B: Not at all.
M: Remorse is a productive feeling. Remorse denotes that I’ve done something that’s hurt someone, and it’s something that I know goes against my values.
B: And Because it targets an action or behavior, you can change those things, and it doesn’t mean you’re a terrible person.
M: It’s like say we had history, you and me Jack, and we hadn’t seen each other in awhile. But the last time we talked you we’re kind of a tool bag.
J: That’s not too far of a stretch honestly.
M: And now, every once in awhile when we run into each other, like say in a coffee shop for instance, you can’t deal and you just leave, hoping I haven’t seen you. You’re feeling guilt. But what you should try to feel is remorse.
J: I get it. Guilt makes the situation just stalemate. Like I’m paralyzed from doing anything about it.
B: Yes, but if you felt remorse, you might take the necessary steps to resolve the situation.
J: Cool. Sooo Abrielle felt a lot of guilt
M: She did. And it was crappy. At the time, I was pretty young, I didn’t get all this, but as I’ve processed this, I see vividly how destructive guilt was for her.
J: I believe it. What happened with her?
M: Well one night, we were together, and she was completely ignoring me. She would do this. She would do something she knew I wouldn’t be happy with and then she wouldn’t talk to me. It was very strange. Out of the blue. Like Hey, how’s it going? Then crickets. No response.
J: What did she do?
M: This was I think she smoked a cigarette. Not a criminal offense, but she knew I wouldn’t like it. So she wasn’t talking to me, which lead to a fight. And mind you, I didn’t know what was happening, I was concerned that she wasn’t talking to me, that I had done something to piss her off.
B: You didn’t find out until later…
M: Right. I found out later she wasn’t talking to me because she smoked and, whatever… So, the tragedy is, we fought and we were out at a restaurant and I just left her there.
J: You left…
M: I had picked her up, so I was driving and I just got ticked off. I just put some cash down on the table and left. Took my car and went home. So she was stranded.
J: Perhaps an over-reaction, but not a terrible one.
M: No, but I regret it because then AHBL.
J: What’s that?
B: All Hell Broke Loose.
J: What happened?
B: It’s still a bit fuzzy, right?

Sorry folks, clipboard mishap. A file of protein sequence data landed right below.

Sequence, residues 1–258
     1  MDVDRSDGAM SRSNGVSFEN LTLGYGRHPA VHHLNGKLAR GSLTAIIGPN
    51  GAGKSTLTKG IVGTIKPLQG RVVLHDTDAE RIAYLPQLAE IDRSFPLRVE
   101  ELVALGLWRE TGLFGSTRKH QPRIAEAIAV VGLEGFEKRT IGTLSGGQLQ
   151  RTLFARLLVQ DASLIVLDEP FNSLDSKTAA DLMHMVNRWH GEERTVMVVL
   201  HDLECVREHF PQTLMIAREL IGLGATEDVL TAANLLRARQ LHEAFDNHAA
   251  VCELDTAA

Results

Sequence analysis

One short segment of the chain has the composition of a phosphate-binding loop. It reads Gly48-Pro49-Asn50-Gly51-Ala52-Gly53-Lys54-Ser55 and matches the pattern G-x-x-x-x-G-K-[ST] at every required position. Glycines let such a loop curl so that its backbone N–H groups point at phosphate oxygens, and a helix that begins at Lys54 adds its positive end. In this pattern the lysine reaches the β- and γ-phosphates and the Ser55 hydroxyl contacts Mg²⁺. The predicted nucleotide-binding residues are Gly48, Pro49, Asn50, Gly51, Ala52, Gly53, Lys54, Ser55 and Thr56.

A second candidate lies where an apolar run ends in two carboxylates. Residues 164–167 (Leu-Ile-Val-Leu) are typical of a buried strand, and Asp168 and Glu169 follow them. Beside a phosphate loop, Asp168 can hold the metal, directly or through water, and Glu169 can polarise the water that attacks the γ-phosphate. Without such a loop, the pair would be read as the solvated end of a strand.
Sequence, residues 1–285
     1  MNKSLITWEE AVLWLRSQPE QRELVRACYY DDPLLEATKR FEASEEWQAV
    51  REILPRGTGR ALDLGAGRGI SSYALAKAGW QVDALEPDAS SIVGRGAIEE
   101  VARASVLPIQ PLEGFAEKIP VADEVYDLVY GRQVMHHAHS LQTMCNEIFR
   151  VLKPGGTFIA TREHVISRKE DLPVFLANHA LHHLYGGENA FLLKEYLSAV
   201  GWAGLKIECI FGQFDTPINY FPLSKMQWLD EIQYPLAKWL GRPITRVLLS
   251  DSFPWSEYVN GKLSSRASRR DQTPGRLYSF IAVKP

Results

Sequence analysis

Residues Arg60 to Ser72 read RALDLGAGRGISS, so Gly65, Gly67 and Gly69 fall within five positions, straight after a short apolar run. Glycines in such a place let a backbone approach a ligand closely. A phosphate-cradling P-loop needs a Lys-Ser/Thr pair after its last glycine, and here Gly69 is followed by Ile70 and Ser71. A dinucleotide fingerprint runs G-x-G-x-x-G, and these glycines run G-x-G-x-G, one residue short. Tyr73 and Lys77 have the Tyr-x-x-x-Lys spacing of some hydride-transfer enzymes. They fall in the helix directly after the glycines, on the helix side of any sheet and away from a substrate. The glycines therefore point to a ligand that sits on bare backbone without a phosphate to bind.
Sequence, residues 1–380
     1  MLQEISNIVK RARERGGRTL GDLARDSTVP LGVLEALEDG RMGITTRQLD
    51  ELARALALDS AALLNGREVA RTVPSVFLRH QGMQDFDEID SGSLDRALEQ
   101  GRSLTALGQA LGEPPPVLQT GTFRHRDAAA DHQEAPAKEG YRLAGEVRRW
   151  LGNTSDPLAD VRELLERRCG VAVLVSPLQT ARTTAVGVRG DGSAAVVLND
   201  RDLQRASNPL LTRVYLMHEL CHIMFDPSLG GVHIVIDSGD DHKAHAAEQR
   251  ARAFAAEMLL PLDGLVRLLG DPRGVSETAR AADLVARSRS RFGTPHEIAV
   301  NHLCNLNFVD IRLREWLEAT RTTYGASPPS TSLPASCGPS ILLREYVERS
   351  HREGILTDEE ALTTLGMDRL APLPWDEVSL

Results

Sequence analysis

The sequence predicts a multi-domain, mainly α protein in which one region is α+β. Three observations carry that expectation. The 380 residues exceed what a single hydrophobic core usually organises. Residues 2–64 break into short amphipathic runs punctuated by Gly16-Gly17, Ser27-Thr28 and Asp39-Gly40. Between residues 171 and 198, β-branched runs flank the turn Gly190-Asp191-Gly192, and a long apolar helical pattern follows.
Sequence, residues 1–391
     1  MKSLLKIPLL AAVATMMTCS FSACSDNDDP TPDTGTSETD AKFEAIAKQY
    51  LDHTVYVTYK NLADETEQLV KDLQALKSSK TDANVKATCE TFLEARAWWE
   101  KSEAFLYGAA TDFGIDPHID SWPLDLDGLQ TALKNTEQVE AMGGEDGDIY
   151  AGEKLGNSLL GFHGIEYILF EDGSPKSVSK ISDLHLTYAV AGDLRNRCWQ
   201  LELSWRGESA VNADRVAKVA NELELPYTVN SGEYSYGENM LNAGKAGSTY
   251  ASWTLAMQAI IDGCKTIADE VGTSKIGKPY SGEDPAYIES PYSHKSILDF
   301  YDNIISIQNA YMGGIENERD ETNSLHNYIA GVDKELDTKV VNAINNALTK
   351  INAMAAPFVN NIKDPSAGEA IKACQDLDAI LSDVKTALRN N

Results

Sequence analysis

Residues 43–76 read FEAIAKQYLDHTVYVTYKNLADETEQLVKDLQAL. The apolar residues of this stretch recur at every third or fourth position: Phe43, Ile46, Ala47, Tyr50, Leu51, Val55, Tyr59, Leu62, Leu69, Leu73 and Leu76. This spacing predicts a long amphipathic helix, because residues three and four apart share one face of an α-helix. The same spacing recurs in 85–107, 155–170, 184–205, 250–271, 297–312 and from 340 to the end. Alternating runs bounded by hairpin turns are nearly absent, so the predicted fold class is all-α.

M: Well, Abrielle says she called an old friend, Summer was her name. Now Summer was part of her group of old friends that she used to party with, when she got kicked out of school. And she doesn’t remember much more about that night.
J: She doesn’t?
M: No. I think Abrielle just wanted to let off some steam, and kind of maybe get back at me a bit by doing something she knew I wouldn’t approve of.
B: Well that’s a great cycle to be in….
M: So they did some drugs. Later on we found out she had Cocaine, some pot, maybe some other things in her blood stream. Definitely too much alcohol too. So, she blacked out. And the cops found her passed out in Summer’s car.
J: Man, that’s scary.
M: Yes, but what’s worse is that night, the crew she was with decided to rob a drug store.
J: You’re kidding!
M: No, I wish I were. It was closed, and they broke in, but there was a cleaning person there, and one of them had a gun.
J: Oh no.
M: Yeah. The street value of prescription drugs is huge. I mean, prescription drugs, it’s basically a monopoly, so black market drugs can fetch a lot of money. The whole thing is terrible.
J: Was Abrielle there?
M: I don’t think so. The problem was there was blood in the car, and blood on her, but she has no recollection of any of this. And I can’t believe there’s any way, even under the influence that she would take part in such a thing. But she was young and scared, and they threatened to charge her with murder.
J: Didn’t her friends come to the rescue and tell the police she wasn’t with them?
M: No, these people sucked and basically threatened her family if she talked.
B: So she took a plea.
M: She took a plea which gave her 10 years. You know, in retrospect, I would have recommended she fight it, but we were young and when you’re threatened with life imprisonment, it’s hard not to take the deal.
J: Did you guys stay in touch?
M: For awhile, but you know, life moves on. And to be honest I have some guilt around that night.
B: You didn’t do anything wrong…
M: Yeah, but I shouldn’t have left her. But since I can’t change that, what I can do is try to help awesome organizations like The Innocence Project get innocent people out of jail. I’m just grateful my parter here Barbara is hip to helping out too!
B: Of course!
J: Yeah, Barbara you seem very supportive about the whole thing.
B: Well Matt’s my people. And his people are my people.
M: Oh, thanks! You’re the best.
J: The Innocence Project sounds like a great cause, and something you’re very passionate about.
M: It is.
J: I’m sure it’s gonna be an awesome show tonight. Thanks a lot for stopping by and chatting.
M: Thank you Jack!
B: Thanks Jack!
J: Now here’s I Don’t Want To Give Up On You by North To Port on WFRE.
~Matt and Barbee